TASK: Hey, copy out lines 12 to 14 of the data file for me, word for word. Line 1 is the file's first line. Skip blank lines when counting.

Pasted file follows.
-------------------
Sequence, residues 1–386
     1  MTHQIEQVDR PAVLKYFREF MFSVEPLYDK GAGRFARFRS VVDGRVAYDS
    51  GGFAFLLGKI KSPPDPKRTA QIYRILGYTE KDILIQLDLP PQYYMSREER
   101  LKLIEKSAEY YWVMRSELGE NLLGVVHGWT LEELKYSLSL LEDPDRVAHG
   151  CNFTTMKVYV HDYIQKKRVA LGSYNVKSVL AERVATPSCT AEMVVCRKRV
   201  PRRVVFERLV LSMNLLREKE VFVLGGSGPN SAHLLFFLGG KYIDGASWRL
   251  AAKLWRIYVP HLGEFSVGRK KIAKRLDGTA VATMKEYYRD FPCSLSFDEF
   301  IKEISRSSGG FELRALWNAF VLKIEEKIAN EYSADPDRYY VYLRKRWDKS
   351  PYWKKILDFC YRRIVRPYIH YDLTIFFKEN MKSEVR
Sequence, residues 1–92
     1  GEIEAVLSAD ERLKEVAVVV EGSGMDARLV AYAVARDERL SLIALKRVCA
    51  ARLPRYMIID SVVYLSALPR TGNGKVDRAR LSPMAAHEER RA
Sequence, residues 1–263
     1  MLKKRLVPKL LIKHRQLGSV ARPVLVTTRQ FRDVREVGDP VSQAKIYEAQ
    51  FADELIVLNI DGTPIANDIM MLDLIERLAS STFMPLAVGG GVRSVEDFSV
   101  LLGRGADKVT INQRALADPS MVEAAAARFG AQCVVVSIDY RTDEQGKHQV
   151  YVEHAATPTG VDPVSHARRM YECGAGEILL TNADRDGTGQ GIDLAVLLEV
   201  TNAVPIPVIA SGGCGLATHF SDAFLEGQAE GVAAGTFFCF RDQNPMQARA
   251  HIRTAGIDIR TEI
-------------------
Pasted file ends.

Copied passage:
    51  ARLPRYMIID SVVYLSALPR TGNGKVDRAR LSPMAAHEER RA
Sequence, residues 1–263
     1  MLKKRLVPKL LIKHRQLGSV ARPVLVTTRQ FRDVREVGDP VSQAKIYEAQ